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gbcam2png: Game Boy Camera save RAM photo to PNG

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Contents: Introduction | Javascript/html5 tool | Command-line tool | My technique to read RAM | A quick overview of other approaches

Introduction

The Game Boy Camera is a Game Boy peripheral for taking low resolution (128 x 112, i.e. 14 kilo pixels) pictures in black and white (4 grey levels / 2 bit per pixel). The 128K battery-backed RAM built into the cartridge can hold a maximum of 30 photos.

There are a few ways (here's mine) to read the content of the cartridge RAM and store it in a file.

Photos contained in the save file can be extracted using special software. I found one named GBCameraDump, for Windows. It works fine in Wine, so even on other OSes it can be used to convert the photos to bitmap (.bmp) files.

Even though the above tool already existed, I decided to make my own. I began by doing a command-line tool for Linux outputting .png files.

Then, somewhat inspired by a Javascript N64 controller pak (memory pak) editor I knew of, and wanting to play with HTML5 Canvases, I made yet another tool, this time using Javascript/HTML5!

Here are a few pictures I recently took. The color theme matches what you get when the camera is used on a Game Boy Player (on a Gamecube).


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Javascript/html5 tool

The Javascript/HTML5 runs in a web browser (locally) and will read from a file you select on your hard drive.

Features: Here are examples pictures using the built-in themes:
Black and White

Black and White

Game boy

Game boy

Game boy player

Game boy player





The tool is available here: gbcamtool.html

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Command-line tool

The command-line version is more powerful than the Javascript version, however you will need to compile it to use it. (for now)

Features:

Use

Displaying help with -h

  Options:
    -h              Display this help text
    -i index        Source image index (first image is 0). Default: 0
    -g              Use gameface as source photo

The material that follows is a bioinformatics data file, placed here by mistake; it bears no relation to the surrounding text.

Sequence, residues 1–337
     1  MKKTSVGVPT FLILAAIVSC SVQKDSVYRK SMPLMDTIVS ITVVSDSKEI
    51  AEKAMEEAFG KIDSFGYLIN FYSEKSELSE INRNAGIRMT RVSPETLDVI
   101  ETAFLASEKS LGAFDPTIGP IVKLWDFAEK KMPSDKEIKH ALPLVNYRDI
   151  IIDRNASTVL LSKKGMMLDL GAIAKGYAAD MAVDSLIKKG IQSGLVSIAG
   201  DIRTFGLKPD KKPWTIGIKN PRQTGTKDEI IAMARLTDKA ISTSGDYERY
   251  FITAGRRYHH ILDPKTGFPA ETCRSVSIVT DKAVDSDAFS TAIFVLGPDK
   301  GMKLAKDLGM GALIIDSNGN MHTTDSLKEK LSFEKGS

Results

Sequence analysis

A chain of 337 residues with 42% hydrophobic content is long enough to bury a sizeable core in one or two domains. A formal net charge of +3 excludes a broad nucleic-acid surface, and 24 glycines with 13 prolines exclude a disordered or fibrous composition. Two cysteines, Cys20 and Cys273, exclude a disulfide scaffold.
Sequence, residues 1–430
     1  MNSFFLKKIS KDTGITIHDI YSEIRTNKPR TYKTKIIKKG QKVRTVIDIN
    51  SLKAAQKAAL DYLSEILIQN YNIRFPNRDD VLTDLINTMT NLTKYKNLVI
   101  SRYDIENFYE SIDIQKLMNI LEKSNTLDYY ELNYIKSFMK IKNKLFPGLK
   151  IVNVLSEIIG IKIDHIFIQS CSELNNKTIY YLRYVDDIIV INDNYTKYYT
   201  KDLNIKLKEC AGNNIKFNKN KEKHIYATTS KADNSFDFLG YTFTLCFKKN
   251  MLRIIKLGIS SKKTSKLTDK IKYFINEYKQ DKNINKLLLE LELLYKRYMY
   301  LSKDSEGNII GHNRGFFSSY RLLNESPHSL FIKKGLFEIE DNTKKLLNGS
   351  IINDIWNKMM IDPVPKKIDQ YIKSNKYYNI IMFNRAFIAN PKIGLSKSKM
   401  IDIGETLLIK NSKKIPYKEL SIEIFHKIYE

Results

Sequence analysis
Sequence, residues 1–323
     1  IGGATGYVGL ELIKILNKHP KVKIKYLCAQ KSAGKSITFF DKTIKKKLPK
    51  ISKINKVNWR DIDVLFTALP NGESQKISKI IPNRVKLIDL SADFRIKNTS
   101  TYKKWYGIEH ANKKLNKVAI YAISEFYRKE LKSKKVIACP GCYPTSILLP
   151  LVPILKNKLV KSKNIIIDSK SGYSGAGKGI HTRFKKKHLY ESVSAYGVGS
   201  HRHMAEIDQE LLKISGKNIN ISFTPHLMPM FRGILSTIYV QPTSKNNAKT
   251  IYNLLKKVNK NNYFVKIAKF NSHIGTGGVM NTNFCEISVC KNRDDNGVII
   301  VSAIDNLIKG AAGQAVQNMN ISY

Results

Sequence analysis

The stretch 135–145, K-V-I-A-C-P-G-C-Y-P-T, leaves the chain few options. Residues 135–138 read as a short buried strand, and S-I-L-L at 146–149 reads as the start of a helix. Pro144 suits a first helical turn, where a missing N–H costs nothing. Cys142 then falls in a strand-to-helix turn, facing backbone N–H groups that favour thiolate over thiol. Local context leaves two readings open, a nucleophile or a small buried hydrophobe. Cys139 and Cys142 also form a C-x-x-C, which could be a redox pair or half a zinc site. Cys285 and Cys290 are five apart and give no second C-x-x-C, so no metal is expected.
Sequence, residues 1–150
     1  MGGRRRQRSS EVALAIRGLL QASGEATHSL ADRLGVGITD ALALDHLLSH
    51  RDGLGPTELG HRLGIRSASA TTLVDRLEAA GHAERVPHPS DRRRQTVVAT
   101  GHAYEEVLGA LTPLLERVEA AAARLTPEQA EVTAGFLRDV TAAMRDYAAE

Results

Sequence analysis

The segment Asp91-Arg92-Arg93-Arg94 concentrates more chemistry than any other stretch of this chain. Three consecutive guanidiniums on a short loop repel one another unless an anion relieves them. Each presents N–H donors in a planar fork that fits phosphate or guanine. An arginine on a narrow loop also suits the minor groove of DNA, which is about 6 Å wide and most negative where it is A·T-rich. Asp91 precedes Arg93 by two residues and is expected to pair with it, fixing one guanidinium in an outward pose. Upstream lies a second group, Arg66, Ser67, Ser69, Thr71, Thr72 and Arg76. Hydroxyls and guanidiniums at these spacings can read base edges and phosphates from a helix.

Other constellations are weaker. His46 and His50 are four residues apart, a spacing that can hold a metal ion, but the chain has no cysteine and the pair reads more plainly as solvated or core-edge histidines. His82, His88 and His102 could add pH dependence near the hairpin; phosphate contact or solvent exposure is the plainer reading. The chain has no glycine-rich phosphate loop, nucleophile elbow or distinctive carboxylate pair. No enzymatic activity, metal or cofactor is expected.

-o output.png   Export a single photo to a .png file
    -b basename     Export all photos to png files, using the specified basename
    -d              Display selected photo (see -i) to the terminal
    -l              List photos in save file
    -a              Also export deleted photos
    -s              Export/display small photos (32x32) intead of large photos (128x112)
    -v              Be verbose

Listing photos (shows which one are active and deleted)

./gbcam2png source.sav -l

Exporting a single photo (index 0) to a .png file

./gbcam2png source.sav -i 0 -o output.png

Exporting all active photos

./gbcam2png source.sav -b test
Pour chaque photo active (c'est à dire, qui n'a pas été effacée) un fichier nommé testXX.png (où XX correspondra à l'index de la photo, compté depuis 00) sera créé.

Exporting all photos, including deleted ones

./gbcam2png source.sav -b test -a

Displaying a photo in a terminal (-d)

Since the resolution is quite low, displaying a photo by controling the terminal background color (using ANSI/VT100 codes) is possible. A very small font must be used however, and the aspect ratio is off...
./gbcam2png source.sav -i 15 -d



This project is also available on GitHub!
To request features, report issues or contribute, you may send me an email or use the GitHub repository:
https://github.com/raphnet/gbcam2png

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My technique to read RAM

The N64 to USB adapter I desgined, combined with its PC-side management software, supports the N64 Transfer Pak. The Transfer Pak makes it possible to read/write from/to a Game boy cartridge, ROM or RAM, and the management software can do so for several types of Game boy cartridges.

Since version 2.1.14, the management software is also able to read and write the Game Boy Camera RAM.

So to transfer photos to my PC, I use the following:
raphnet-tech N64 to USB adapter V3

raphnet-tech N64 to USB adapter V3

N64 controller

N64 controller

Transfer Pak

Transfer Pak

Game boy camera

Game boy camera



Here are all the above items in action:
USB adapter, Controller, Transfer Pak and Camera

USB adapter, Controller, Transfer Pak and Camera



Backing up the cartridge RAM is a simple matter of accessing the Transfer Pak -> Read cartridge RAM to file... menu and entering a suitable file name.



Reading the RAM completely takes less than 1 minute. Then you use the tool of your choice to view and extract the photos.

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A quick overview of other approaches

There are other ways to retrive pictures from a Game boy camera. Here are a few: Note: One advantage of using the printer (real or emulated) is that photo frames will be present.

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